Pâques is masculine and singular because it's a shortcut for saying « le jour de Pâques » — Easter Day, or Easter Sunday — and the word « jour » is masculine and singular. Evidently, the fact that Noël, Christmas, is masculine influenced the usage for Pâques. Rules, exceptions, expressions, and strange agreements like this one is one of those things that will always trip you up if you aren't a native French speaker, and give you away.
Here's the entry from the French Robert Electronique dictionary.Click the image to enlarge it.
We have a lot of little expressions in English that trip up French-speakers too, and give them away no matter how good their English is. One that comes to mind is the distinction between "this" and "that" or "here" and "there" — its instinctual for us but not for non-native speakers. It confuses the dickens out of French-speakers.
Oh well. When you aren't a native speaker, you have to grit your teeth and be resigned to making a lot of mistakes and to confusing people by saying something that's almost correct but not quite. You get used to seeing the puzzlement on people's faces when you talk to them.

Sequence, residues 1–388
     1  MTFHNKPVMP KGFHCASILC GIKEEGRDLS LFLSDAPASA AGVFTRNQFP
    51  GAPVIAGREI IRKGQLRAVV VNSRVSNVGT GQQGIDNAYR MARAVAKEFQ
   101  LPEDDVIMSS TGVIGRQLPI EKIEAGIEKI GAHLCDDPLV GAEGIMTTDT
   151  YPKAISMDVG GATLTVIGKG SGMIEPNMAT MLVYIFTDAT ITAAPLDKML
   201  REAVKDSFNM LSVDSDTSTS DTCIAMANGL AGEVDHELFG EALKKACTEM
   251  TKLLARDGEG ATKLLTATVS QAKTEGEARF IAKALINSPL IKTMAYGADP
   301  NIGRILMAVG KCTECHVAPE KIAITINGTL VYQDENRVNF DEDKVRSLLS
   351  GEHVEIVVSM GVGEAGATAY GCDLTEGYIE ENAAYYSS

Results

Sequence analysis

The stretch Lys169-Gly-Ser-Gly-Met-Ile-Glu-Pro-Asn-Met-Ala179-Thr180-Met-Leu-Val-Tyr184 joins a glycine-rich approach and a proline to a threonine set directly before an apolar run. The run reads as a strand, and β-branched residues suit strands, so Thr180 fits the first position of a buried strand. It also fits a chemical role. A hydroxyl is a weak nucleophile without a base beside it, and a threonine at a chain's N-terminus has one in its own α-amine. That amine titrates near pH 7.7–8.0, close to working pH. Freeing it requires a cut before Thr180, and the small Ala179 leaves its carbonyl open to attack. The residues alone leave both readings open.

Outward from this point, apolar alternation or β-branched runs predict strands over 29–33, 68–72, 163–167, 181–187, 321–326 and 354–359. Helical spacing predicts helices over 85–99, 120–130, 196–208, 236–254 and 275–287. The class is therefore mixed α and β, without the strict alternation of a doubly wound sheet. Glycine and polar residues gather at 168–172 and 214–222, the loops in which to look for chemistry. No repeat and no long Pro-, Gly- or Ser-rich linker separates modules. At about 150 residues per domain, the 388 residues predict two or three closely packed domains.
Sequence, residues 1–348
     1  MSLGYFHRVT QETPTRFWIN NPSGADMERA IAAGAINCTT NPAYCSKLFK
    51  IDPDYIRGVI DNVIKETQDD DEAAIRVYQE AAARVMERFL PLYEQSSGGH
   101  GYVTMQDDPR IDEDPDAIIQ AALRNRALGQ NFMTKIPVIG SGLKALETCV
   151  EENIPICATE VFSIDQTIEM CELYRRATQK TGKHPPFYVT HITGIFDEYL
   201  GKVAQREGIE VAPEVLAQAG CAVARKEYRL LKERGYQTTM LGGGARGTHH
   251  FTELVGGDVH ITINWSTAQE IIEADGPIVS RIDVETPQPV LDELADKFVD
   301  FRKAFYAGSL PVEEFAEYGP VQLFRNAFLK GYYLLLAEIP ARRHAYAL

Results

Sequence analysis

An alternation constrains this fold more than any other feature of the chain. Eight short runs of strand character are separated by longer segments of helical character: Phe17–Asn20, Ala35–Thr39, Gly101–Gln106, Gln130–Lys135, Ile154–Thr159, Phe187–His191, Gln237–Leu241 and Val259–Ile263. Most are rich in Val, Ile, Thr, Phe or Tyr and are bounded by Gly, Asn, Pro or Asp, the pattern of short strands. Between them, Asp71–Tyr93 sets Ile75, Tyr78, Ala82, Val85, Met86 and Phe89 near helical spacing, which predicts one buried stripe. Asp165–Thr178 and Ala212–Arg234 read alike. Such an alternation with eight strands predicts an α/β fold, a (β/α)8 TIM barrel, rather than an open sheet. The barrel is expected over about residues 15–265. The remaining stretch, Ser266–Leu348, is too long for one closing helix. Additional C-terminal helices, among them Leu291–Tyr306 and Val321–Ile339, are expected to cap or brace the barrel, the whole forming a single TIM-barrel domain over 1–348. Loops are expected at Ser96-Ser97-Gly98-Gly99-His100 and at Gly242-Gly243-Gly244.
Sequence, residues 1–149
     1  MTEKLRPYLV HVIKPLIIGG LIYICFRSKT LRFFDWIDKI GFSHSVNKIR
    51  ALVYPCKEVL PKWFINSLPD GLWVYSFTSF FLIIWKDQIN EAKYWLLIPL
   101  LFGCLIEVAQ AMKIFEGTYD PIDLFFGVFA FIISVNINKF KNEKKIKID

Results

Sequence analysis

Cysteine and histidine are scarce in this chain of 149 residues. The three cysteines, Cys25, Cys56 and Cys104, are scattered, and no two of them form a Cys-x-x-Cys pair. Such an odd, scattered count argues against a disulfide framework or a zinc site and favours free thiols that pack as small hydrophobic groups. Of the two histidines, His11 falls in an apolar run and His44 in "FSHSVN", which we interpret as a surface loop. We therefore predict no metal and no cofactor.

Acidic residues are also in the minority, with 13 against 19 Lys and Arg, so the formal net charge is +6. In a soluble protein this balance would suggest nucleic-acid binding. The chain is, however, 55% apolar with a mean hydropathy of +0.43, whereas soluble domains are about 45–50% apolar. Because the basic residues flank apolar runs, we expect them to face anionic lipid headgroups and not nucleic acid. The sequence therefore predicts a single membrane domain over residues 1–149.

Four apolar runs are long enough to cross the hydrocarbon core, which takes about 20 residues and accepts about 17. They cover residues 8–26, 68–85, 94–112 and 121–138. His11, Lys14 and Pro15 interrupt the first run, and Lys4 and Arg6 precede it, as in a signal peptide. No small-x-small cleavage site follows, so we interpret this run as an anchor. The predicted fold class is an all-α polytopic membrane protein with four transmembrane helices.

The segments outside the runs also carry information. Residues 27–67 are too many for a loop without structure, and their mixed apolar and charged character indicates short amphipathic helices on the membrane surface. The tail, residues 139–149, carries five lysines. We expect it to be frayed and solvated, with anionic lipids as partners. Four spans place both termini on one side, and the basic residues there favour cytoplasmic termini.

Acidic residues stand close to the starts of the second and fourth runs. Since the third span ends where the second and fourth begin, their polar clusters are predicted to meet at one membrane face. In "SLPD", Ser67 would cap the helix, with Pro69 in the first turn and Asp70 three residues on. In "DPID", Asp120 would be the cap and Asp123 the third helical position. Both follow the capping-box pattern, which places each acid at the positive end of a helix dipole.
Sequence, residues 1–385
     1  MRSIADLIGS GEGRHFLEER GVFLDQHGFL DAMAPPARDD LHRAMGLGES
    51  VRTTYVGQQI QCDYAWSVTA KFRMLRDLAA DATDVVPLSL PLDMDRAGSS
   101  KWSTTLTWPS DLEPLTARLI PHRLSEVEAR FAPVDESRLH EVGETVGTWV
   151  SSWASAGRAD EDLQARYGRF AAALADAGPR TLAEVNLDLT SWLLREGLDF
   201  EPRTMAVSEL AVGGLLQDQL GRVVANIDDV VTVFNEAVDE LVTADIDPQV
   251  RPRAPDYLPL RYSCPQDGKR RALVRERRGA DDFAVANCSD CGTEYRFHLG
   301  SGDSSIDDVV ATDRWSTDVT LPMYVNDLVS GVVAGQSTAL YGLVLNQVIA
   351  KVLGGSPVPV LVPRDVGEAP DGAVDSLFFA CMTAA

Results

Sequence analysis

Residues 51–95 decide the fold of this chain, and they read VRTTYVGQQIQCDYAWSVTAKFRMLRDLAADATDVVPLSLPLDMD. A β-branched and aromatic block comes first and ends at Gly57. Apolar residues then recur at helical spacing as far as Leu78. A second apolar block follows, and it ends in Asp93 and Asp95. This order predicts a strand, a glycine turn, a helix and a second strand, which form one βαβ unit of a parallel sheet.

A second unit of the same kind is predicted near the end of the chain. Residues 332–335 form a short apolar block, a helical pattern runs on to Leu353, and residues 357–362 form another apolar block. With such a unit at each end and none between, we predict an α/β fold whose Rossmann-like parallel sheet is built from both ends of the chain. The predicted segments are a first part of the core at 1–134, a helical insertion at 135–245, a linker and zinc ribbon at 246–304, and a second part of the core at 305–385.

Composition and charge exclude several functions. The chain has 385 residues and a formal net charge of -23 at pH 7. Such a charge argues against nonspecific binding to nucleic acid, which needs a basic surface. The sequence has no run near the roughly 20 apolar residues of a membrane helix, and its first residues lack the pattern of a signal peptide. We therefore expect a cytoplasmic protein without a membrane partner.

Tomorrow is market day in Saint-Aignan. We'll be going into town to look for three specific items. One is fresh asparagus. The season is starting and will run into June. White asparagus is a local crop and specialty. Out of season, you don't find asparagus on the markets or even in the supermarket, except in cans and jars.
The second thing will be some escargots. There's often a man at the market who sells nothing but snails. He sells them raw and he sells them cooked. I don't know if he sells them live, but he might. Walt and I have been wanting to eat snails for a while, but the man hasn't been at the market the last few times we've gone. Maybe tomorrow, Easter weekend, he'll be there.
The other thing we want to bring home is a rabbit — not a live one, but one that's been skinnedk, cleaned, and dressed for cooking. We've been eating rabbit every year for our Easter dinner for decades now, and we don't want to break the tradition. I plan to cook lapin à la moutarde on Sunday morning. That's rabbit braised in white wine with onions, carrots, and herbs, and then served with a sauce composed of the braising liquid, some fresh cream, and a little bit of Dijon-style mustard.
Wish us luck on finding the three things we're hoping to find. And Bon Pâques.